History of Tea
Tea emerges from legend over 5000 years ago when it was “discovered” by the emperor Shen Nong. While boiling his drinking water, dried leaves from a nearby bush fell into the water, and the result – Tea!
Ever since, the influence of tea has permeated every aspect of the Chinese society and culture. As trade routes were opened, tea quickly gained popularity in the West. Today, it is ranked second only to water as the world’s most consumed beverage.
Throughout history, tea has influenced world politics and shaped international events. From the British colonization of India, to the Boston Tea Party, tea has played an integral role in global trade relations.
Native to China, Camellia Sinensis, the tea plant, is now cultivated throughout the world. Today, tea plantations in India, Japan, Sri Lanka, Taiwan, Africa, and Indonesia produce most of the world’s tea.
Types of Tea
Tea Types are generally defined by the level of “oxidation” of the leaf. Oxidation occurs naturally when enzymes in the leaf are exposed to air, similar to the way an apple browns once it's been cut. This complex series of chemical reactions ultimately yields the cup characteristics we anticipate with each style of tea. In general, the more oxidized the tea leaf, the darker the infusion and bolder the flavor.
White tea is the most simple of the tea types to describe, because it basically consists of the two steps of harvesting and drying. The leaves are not rolled or allowed to oxidize at all. This leaves the leaf in a full, unbroken, natural state. Originally, white tea was only produced in the Fujian province of China using bushes that were carefully selected and cultivated to produce this type of tea. Only the newest, downy tips were meticulously harvested to create tea that was used as “tribute tea” for the emperor. Today we can find two major styles of white tea; traditional “buds only” tea, such as Silver Needle, and the “bud and leaf” style, such as White Peony (bai mu dan). The bud and leaf style tea offers a more economical choice and broadens the availability of the tea. The increased awareness and marketability of white tea has influenced other tea producing regions to try their hands at white tea production as well.
Green Tea is not oxidized. After being harvested, sorted, and allowed to air-dry for a brief period (just long enough to reduce the moisture content about 10% and make the leaf more pliable), the leaf undergoes a process of firing or steaming. This stops any enzyme action or oxidation of the leaves and fixes the juices in the leaf. Many green teas are rolled or shaped using traditional techniques, creating a vast array of leaf styles from which to choose. Some teas may be lightly “fluffed” such as the Silver Dragon, while others may be flattened during a pan-firing process, like the Longjing (Dragonwell). The taste or character of green tea is heavily determined by the time of plucking, shoot maturity, geographic and weather conditions and cultivation method.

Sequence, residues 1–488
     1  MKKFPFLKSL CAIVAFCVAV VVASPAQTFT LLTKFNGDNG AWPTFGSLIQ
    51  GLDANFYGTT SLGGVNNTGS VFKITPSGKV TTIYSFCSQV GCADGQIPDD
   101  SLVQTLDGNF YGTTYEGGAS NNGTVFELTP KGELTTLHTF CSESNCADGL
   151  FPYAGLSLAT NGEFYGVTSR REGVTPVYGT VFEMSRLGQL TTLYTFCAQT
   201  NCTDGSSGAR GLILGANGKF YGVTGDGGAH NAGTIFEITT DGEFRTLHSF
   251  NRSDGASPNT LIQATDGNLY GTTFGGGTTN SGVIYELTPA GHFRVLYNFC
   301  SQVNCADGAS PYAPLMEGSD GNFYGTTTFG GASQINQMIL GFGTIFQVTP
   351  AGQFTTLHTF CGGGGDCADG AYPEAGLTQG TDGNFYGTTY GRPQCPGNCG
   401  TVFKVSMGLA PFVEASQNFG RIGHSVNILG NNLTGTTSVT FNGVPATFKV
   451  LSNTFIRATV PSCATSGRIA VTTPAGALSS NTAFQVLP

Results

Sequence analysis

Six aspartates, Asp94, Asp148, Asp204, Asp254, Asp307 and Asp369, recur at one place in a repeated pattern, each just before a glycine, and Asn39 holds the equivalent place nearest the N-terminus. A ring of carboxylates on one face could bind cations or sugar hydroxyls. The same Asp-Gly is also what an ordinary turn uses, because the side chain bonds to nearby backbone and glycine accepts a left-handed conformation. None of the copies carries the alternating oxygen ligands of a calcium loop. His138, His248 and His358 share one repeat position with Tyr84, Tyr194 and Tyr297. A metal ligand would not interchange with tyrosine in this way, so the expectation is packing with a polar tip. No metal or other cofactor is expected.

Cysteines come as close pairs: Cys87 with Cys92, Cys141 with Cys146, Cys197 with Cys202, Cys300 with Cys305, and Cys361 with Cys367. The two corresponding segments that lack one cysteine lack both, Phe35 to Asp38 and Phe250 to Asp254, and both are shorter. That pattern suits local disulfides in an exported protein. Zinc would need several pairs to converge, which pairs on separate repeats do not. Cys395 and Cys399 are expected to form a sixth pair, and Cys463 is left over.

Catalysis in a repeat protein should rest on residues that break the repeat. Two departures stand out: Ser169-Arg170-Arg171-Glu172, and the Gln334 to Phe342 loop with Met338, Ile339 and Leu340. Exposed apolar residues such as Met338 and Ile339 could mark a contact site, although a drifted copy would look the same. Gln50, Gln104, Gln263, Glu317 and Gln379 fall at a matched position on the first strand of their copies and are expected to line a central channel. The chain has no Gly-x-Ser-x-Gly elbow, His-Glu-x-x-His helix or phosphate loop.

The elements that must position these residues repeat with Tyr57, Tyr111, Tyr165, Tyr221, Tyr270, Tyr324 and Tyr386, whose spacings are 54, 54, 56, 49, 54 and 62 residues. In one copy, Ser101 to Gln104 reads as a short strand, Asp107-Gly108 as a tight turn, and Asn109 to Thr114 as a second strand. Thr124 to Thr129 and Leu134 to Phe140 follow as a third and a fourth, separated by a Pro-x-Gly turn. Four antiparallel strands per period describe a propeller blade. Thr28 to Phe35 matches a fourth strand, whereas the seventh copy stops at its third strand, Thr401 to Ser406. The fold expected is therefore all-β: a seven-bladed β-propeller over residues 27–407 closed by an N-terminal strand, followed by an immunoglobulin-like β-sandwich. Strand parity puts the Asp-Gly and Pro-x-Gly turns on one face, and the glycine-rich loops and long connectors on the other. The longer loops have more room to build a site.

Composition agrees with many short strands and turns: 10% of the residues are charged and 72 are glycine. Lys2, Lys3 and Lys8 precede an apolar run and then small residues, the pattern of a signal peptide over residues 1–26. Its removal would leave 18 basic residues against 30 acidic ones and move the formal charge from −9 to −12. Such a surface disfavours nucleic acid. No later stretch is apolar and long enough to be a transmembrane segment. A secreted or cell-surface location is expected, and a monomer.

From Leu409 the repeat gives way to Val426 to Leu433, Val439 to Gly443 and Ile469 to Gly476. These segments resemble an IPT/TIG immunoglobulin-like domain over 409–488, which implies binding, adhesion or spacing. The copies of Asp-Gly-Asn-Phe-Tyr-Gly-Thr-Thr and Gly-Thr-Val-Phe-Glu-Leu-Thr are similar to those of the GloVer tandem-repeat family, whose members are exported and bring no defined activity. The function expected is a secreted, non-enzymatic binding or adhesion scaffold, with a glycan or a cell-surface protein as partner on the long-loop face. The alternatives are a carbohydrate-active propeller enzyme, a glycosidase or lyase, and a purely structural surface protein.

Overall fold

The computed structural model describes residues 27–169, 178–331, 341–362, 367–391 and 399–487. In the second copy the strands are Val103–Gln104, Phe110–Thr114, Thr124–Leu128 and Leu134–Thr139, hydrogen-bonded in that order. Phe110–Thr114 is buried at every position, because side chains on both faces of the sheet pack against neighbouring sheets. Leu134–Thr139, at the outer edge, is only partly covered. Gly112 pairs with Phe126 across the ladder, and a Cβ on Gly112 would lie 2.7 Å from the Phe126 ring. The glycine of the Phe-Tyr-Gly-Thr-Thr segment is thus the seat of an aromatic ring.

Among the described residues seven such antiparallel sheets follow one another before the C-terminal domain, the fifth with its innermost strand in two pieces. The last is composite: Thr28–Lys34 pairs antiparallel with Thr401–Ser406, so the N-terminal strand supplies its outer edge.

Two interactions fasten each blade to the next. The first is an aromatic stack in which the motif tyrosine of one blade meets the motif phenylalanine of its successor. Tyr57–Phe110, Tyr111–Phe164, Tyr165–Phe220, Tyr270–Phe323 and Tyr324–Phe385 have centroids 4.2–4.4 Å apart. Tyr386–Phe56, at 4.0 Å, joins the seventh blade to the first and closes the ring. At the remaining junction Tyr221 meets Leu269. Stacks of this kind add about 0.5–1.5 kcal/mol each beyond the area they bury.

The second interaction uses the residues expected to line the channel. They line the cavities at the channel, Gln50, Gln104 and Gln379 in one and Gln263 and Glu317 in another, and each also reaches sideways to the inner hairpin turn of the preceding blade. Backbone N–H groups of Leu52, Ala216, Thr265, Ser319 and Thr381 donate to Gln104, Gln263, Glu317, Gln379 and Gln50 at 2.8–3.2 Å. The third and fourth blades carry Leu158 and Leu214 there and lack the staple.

Oolong Tea encompasses all the tea that is partially oxidized, and the manufacture of oolong tea is an art form in its own right. Each farm or tea garden has proprietary methods of making their own type of tea. The tea goes through the initial steps of harvesting, sorting and weighing, and is then allowed to wither for a brief period. It is the next step that truly defines oolong tea as an artisan product. The leaves are bruised, using a variety of methods, and are then allowed to oxidize. Skillful timing and careful handling during this process determine the final outcome in your cup. The teas can range from 8% oxidation levels, to 80% oxidation levels. This wide variance creates a spectrum of flavors, colors, and aromas that range from very green to dark full brews. Leaf styles can also range from full, unrolled styles like the Phoenix Oolong, to tightly rolled selections like the Ti Kuan Yin. Although oolongs may initially seem more expensive than other types of tea, they are designed to be infused several times. This quality drastically reduced the “per pot” price, and each infusion yields its own special flavor and characteristic.
Black tea undergoes processing to fully oxidize the leaf, allowing natural and robust flavors to emerge. In the orthodox method of manufacturing, after harvesting and sorting, the leaves undergo the withering step where they are spread in several inch thick layers and allowed to dry, reducing the moisture of the leaf. This process usually takes about 18 – 20 hours and must be carefully controlled to produce the best teas. When the withering process is complete, the leaves are then rolled using modern machinery that rolls, twists, and compresses the leaf. This action bursts the cell structure, releases the juices of the leaf and promotes the start of the oxidation process. Black tea is allowed to oxidize fully, a process that is carefully controlled and monitored by experienced tea experts. When oxidation is considered complete, the tea is then dried with hot air to stop any further enzymatic breakdown of the leaf. The oxidation that takes place is largely responsible for the flavor, color and strength of black tea.